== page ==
There’s a very famous quite that says “Everything you desire is on the other side of your fear”. Think it was Jack Cornfield who said that.
Regardless of who said it, it’s true. And great storytellers instinctively understand this truth. That’s why this is the third life lesson stories teach.
Let me give another very popular story example. Rey in The Force Awakens.
Rey is terrified of the idea of being forced away from her home planet of Jakku. She’s waiting the return of her family. But (as is made clear) her family has been gone many years and will never return.
There is nothing on Jakku for Rey, but her fear keeps her there. The only way in which Rey’s life can change is for her to overcome her fear. That’s why, over the next two hours, Rey is led further and further away from Jakku, which essentially is making her overcome her fears. And we all know what happens when Rey overcomes her fear: she becomes her true self, a Jedi.
Of course this is fiction. But fiction works because it abides by the psychological laws that govern your own brain. And one of the most important of those laws is that you must overcome your fear in order to change.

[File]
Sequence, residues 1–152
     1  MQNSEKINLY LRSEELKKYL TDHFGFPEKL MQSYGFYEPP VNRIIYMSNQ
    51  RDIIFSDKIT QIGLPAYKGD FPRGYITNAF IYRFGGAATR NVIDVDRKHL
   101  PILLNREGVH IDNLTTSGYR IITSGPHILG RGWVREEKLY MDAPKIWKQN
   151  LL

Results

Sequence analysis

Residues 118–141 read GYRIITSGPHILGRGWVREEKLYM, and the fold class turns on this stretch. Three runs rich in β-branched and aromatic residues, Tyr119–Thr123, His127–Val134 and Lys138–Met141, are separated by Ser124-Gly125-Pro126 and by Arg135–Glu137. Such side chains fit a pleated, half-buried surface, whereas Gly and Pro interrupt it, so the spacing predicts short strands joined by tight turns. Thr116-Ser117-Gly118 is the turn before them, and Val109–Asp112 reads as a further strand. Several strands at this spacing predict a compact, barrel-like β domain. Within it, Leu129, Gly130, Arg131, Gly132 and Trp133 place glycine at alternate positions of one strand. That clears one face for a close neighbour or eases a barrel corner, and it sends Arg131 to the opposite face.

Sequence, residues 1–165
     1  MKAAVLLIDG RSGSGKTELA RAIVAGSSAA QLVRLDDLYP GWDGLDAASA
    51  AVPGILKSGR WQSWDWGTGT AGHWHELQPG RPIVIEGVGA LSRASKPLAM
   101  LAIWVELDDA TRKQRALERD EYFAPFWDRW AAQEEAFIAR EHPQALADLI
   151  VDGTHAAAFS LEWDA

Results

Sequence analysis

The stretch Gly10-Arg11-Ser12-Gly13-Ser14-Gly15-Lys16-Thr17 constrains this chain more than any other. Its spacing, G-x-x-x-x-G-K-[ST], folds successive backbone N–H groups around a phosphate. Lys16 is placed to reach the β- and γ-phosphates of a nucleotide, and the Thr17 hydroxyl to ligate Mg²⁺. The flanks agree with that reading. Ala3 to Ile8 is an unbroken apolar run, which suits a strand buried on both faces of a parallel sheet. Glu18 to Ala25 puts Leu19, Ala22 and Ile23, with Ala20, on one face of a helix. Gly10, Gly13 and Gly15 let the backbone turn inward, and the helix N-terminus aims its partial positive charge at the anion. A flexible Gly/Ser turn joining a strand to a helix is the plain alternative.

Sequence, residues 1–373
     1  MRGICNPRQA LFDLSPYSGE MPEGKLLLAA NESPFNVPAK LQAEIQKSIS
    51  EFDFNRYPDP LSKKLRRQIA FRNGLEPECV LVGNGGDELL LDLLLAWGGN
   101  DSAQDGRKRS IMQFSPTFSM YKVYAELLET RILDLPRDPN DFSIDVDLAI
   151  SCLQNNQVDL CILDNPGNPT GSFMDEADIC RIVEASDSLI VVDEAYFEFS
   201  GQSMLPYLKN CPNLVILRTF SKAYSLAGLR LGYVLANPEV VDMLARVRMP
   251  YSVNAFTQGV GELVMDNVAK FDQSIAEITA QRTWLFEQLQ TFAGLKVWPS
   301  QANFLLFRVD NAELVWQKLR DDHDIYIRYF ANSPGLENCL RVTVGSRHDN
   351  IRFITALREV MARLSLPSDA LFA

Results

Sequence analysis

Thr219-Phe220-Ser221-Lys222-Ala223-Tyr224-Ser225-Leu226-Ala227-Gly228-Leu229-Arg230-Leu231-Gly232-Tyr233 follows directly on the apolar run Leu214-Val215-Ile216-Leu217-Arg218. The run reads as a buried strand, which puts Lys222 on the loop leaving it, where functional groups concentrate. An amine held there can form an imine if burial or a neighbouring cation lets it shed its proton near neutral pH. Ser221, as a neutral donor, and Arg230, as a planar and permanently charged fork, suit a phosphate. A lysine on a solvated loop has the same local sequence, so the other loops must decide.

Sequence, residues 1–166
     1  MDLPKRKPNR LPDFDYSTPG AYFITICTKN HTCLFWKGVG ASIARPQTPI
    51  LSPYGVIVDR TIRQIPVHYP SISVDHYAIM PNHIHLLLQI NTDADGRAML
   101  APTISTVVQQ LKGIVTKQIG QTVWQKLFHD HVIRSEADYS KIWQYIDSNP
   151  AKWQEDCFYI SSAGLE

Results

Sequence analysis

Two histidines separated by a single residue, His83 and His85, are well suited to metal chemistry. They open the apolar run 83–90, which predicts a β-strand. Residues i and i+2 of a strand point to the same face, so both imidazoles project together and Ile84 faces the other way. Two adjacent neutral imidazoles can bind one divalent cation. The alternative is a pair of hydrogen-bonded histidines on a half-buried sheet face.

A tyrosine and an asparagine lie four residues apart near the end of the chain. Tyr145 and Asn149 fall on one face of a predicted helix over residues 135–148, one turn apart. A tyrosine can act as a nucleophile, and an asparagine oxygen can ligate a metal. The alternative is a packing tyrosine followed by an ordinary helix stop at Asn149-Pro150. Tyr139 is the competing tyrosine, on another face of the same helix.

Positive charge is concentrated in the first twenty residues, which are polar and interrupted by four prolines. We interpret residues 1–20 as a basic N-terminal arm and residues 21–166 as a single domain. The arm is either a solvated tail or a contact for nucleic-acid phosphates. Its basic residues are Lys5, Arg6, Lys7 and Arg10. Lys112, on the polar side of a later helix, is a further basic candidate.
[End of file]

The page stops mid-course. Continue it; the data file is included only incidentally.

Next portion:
Everything you desire is on the other side of your fear.
Find your fear. Face it. Overcome it. And you will change your life (and your brain) forever.
These are three of the most universal rules of storytelling. And storytelling is the oldest tool in the world.
Stories work because they abide by the laws that govern your brain. Next time you find yourself engrossed in a story, ask yourself: How has this story captivated my brain? You’ll find powerful life lessons there.
This article is based on research by Lisa Cron in her groundbreaking book: Wired For Story.